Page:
There isn’t a marketing book review section that would be complete, without the mention of “Scientific Advertising by Claude Hopkins.”
Scientific Advertising is one of the original classics of direct response marketing. And although it was written around 100 years ago (so some of the terms and examples may a bit outdated), the philosophies are as powerful today as they were back in the 1920s (when this book was first published).
Of course, we have the internet now, and this book was written with print media in mind.
But consumer psychology hasn’t changed. And just because we have new methods to get our message out, the principles in this book are just as valid today as they were back then.
Now, don’t expect to read a lot of ground breaking information in this book, because much of what you see in modern direct response advertising uses the very same principles.
In fact, if you study anything about the fundamentals of copywriting and modern advertising, chances are you can trace it’s origin back to this book.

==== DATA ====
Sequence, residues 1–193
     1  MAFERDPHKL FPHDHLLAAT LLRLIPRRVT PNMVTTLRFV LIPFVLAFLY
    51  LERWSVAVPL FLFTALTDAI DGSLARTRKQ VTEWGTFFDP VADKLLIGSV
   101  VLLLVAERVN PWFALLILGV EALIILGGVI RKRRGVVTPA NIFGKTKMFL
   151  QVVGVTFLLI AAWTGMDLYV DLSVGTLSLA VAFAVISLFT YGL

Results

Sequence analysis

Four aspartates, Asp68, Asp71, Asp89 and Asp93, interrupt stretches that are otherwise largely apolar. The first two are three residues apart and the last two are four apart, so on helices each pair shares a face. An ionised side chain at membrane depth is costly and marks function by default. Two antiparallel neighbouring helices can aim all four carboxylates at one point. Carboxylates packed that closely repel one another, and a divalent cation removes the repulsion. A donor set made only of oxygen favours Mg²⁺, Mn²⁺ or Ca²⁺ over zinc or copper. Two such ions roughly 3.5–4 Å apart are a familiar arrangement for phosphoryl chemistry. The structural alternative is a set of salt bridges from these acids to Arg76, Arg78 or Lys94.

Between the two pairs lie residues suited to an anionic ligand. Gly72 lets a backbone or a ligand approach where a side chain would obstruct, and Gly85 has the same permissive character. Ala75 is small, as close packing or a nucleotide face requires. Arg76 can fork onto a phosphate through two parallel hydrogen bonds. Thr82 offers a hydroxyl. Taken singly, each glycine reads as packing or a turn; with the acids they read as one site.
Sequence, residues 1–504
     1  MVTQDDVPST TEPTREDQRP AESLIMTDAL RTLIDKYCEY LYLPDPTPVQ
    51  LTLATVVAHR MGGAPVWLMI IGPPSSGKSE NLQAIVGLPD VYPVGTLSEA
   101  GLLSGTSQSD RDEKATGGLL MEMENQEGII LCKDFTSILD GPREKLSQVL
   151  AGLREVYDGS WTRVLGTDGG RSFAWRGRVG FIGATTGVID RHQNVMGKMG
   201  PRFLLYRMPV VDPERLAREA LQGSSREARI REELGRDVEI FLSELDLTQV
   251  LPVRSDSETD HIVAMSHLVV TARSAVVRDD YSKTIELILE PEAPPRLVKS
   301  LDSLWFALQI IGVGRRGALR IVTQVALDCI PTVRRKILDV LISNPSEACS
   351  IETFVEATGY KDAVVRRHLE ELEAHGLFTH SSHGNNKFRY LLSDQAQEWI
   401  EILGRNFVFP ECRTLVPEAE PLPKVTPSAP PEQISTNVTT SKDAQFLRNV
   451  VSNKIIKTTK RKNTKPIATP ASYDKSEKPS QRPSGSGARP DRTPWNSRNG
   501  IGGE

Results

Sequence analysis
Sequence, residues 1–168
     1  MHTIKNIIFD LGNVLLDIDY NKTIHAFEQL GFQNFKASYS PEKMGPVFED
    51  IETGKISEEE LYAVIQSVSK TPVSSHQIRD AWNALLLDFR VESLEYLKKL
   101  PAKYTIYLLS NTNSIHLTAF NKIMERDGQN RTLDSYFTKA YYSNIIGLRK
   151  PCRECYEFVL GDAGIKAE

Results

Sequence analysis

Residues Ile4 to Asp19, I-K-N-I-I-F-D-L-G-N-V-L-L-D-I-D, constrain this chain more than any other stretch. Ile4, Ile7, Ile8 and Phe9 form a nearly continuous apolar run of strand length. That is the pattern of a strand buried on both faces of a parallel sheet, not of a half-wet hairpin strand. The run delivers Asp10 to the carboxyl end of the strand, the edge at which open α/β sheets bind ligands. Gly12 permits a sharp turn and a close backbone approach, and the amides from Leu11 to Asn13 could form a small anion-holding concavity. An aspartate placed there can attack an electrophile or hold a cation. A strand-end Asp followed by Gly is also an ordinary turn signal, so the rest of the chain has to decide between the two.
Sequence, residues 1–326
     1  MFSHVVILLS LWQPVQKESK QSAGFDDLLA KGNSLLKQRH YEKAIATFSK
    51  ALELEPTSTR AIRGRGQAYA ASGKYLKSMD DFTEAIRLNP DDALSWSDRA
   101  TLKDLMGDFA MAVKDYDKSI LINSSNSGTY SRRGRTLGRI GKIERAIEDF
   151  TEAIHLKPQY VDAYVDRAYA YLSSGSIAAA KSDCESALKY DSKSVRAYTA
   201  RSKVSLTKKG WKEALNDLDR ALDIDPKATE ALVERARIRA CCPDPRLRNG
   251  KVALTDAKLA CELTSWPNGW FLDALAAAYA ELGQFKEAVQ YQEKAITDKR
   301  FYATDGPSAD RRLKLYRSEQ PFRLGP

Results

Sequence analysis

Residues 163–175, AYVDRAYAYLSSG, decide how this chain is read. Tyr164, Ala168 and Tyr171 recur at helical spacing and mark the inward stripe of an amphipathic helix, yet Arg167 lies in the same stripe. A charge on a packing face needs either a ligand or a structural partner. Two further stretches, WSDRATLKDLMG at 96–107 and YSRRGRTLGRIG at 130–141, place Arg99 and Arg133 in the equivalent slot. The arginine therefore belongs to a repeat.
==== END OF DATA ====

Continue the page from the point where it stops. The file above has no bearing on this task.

Which makes Scientific Advertising a solid foundation, and a must read for anyone who wants to understand how to use direct response marketing.
Even the great David Ogilvy was quoted as saying…
“Nobody should be allowed to have anything to do with advertising until he has read this book seven times.”
I’ve personally read Scientific Advertising 4 times, and listened to the audio version twice (sorry, Mr. Ogilvy, I’m a little short… but I’ll get there)
A couple of the main principles I got from reading Scientific Advertising, were…
1. Never send out an advertisement that can’t be tracked, and measured for results. Every advertising dollar you spend should be held accountable for the results (or lack of results) that it achieves.
Ads that bring home more money than they cost, are worth keeping and using again. Those that do not, must be discarded. And the only way to know for sure, is to track and measure them for results.
2. Every word in your advertisement should earn its keep. While it’s often true, the more you tell, the more you sell… filler words should never be allowed to take up valuable space where a more useful word (one that’s leading to the sale) could be used instead.
3. Always test on a small scale first. If you can prove it works on a small scale, the numbers will generally hold up on a larger scale. In other words, once you know it works with 1,000 – You can be fairly certain it will work with 1,000,000
But the bottom line is this… Scientific Advertising by Claude Hopkins is a must read if you’re in any business that uses advertising and marketing to bring in customers.